Elderly Falls - What is the Nature of the Problem?

By Intermountain Trauma Managers Group

We want a society where older adults can live safe, healthy and independent lives.​

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While falls are a threat to the health and independence of older adults and can significantly limit their ability to remain self-sufficient, the opportunity to reduce falls among older adults has never been better. Today, there are proven interventions that can reduce falls and help older adults live better, and longer.

National Data & Statistics

Rate of Nonfatal, Medically Consulted Fall Injury Episodes, by Age Group

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In 2010, the overall rate of nonfatal fall injury episodes for which a health-care professional was contacted was 43 per 1,000 population. Persons aged ≥75 years had the highest rate (115).
Reference Information
Centers for Disease Control and Prevention
1600 Clifton Rd. Atlanta, GA 30333, USA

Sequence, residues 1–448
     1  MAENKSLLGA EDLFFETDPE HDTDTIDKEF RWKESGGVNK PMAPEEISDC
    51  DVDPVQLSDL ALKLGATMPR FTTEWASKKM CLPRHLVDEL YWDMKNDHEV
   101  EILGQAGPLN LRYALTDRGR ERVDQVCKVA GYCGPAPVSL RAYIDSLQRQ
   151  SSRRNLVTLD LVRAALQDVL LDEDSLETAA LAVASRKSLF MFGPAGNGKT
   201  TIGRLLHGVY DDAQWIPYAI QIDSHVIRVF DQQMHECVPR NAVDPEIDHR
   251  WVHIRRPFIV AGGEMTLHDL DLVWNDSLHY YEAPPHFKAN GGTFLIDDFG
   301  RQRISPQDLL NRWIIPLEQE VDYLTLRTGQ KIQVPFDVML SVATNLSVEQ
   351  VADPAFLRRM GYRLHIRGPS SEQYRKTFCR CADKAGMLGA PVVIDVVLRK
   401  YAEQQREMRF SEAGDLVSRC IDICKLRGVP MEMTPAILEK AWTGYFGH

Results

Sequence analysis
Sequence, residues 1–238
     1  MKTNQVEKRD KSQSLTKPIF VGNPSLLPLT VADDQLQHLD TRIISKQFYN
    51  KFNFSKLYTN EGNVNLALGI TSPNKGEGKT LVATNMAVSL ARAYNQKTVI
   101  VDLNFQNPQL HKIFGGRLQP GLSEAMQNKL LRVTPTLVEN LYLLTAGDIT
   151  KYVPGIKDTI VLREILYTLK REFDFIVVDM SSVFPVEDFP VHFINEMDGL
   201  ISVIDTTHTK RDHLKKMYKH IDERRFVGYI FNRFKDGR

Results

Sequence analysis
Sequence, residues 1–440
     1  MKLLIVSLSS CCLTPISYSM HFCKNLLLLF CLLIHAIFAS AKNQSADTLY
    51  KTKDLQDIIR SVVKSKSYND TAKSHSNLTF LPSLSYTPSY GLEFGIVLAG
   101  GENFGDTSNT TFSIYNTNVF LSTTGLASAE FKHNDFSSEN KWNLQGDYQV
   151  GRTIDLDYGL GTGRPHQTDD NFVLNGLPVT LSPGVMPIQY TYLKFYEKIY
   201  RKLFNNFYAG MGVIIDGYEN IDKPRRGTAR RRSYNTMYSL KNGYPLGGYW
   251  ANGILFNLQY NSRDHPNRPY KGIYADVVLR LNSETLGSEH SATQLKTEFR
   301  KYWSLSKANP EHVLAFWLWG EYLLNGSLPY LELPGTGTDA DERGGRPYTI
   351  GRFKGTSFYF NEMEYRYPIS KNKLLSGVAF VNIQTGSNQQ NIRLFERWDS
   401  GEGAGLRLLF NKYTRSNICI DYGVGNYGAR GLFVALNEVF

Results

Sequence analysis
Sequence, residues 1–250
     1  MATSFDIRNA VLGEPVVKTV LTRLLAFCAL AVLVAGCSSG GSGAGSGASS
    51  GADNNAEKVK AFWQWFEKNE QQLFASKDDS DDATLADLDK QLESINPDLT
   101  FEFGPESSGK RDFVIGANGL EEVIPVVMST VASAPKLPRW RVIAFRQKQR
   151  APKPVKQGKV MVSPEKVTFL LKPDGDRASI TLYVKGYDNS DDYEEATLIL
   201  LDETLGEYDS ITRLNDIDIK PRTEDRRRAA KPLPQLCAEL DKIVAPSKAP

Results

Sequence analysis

800-CDC-INFO (800-232-4636)
Contact CDC-INFO

What is the rate of Elderly Falls in Utah?

Since 2008, the State of Utah Trauma registry has included ground level falls in the elderly resulting in traumatic injuries. This change in inclusion criteria is reflected in the variance between 2011 data and the 10-year average. 

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With the aging of our “Baby Boomer” population, we are seeing the number of falls with injury increase every year.

There is a strong correlation between falls in the elderly and hip fractures. Previously, the State of Utah did not collect isolated hip fracture information in our Trauma Registry Databank. The average number of hip fractures included in the registry between 2001 and 2007 was 261 females and 234 males per year. Since the change in inclusion criteria, those averages have increased to 1,553 females and 568 males per year. This dramatic change also helps explain the narrowing of the gender gap noted in Figure 5, since significantly more women than men have been treated for hip fractures since 2008.

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